ST. LOUIS – A federal judge has determined a quiet title action belongs in state court.
In an opinion issued May 28, Judge Henry Edward Autrey of the U.S. District Court for the Eastern District of Missouri completed a self-directed review of a lawsuit filed by Carol Whitley of Missouri on Aug. 7, 2018. Her petition, titled Quiet Title Suit in the Nature of a Common Law Claim, was, according to Autrey, styled as a state-law action.
However, defendants Paul D. Borja and others argued that since Whitley’s complaint invoked the Truth in Lending Act, the claim actually belongs in federal court. Autrey — noting the burden of establishing federal jurisdiction falls on the removing defendant — said Whitley’s petition referenced a rescission notice she mailed to defendants, a filing she said was “supported” by the Truth in Lending Act.
“The court finds this argument unpersuasive,” Autrey wrote. “(Whitley) does not allege a claim under TILA, nor does she offer fact statements relating to the elements of a TILA claim. Evidently, none of the defendants are the original mortgagee/creditor. The sole claim alleged by plaintiff is to quiet title. Federal question jurisdiction does not exist.”
The defendants alleged they were joined fraudulently with the exception of Flagstar Bank. Further, they said that since Flagstar and Whitley are from different states, and since the amount in controversy exceeds $75,000, there is a diversity of jurisdiction that rightly places the matter in federal court.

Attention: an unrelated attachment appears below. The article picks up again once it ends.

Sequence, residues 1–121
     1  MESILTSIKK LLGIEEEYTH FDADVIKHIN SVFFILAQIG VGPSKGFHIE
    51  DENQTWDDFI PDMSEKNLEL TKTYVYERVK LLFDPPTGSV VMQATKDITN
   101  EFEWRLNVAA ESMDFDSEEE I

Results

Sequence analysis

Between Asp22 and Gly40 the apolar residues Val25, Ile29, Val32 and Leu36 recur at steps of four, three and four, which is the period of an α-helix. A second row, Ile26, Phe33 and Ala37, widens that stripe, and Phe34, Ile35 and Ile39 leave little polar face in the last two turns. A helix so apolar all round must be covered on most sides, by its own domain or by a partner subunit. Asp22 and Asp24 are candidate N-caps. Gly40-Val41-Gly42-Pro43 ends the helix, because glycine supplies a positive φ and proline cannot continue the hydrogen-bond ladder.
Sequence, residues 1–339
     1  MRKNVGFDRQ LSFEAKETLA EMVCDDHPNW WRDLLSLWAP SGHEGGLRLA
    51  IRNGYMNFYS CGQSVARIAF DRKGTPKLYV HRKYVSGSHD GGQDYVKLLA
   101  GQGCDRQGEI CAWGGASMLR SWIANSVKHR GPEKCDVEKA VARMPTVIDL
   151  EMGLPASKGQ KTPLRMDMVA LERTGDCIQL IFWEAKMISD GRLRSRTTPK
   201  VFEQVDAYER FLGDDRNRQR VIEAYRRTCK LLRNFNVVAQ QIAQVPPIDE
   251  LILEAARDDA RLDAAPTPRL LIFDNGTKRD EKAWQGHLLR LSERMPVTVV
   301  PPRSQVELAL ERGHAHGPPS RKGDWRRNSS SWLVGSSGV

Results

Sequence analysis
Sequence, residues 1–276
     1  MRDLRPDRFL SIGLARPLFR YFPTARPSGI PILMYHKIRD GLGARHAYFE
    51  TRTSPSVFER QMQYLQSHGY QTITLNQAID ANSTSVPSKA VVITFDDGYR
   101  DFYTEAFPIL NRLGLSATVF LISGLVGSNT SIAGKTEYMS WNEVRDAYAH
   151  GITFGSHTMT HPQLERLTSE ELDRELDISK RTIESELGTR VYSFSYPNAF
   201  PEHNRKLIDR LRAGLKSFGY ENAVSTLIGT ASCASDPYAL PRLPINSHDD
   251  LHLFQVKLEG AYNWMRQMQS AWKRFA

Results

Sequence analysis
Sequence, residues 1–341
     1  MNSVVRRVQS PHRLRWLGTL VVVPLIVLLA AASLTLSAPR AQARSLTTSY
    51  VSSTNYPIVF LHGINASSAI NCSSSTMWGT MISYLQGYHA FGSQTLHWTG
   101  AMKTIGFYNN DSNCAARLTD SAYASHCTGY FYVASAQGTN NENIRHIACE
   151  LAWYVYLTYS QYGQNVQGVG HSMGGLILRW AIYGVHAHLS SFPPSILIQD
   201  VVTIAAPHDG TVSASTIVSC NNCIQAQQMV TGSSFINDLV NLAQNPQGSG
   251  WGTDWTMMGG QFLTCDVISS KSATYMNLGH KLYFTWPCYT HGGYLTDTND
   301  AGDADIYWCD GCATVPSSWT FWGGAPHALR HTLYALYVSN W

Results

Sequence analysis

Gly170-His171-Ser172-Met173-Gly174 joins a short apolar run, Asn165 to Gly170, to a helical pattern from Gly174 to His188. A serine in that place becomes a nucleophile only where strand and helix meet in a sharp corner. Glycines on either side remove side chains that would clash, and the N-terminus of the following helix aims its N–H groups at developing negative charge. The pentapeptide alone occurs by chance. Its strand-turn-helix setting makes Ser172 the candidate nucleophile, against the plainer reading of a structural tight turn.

Autrey said one of the defendants, Providence Capital One, is based in Missouri and is properly joined. Whitley said Providence bought the property in question from Flagstar after Flagstar bought it at a foreclosure sale, and Autrey wrote “It follows that Providence claims to hold title to the property in question.”
In order to bring a quiet title claim under Missouri law, Autrey wrote, a plaintiff must show ownership in the real estate, allege a “defendant claims some title, estate or interest to or in said premises” and that the defendant’s claim is adverse to the plaintiff.
“Because Providence has acquired title to the property that is adverse to (Whitley’s) claimed interest, there is an arguably reasonable basis for a quiet title action against Providence,” Autrey said. “Providence is a proper party to this quiet title action.”
Autrey further explained he didn’t need to examine if any of the other defendants with Missouri ties were properly joined to Whitley’s claim, “as the existence of one non-diverse defendant destroys diversity jurisdiction.”
Since the defendants failed to prove the federal court had jurisdiction over Whitley’s complaint, he remanded the matter back to St. Louis County Circuit Court.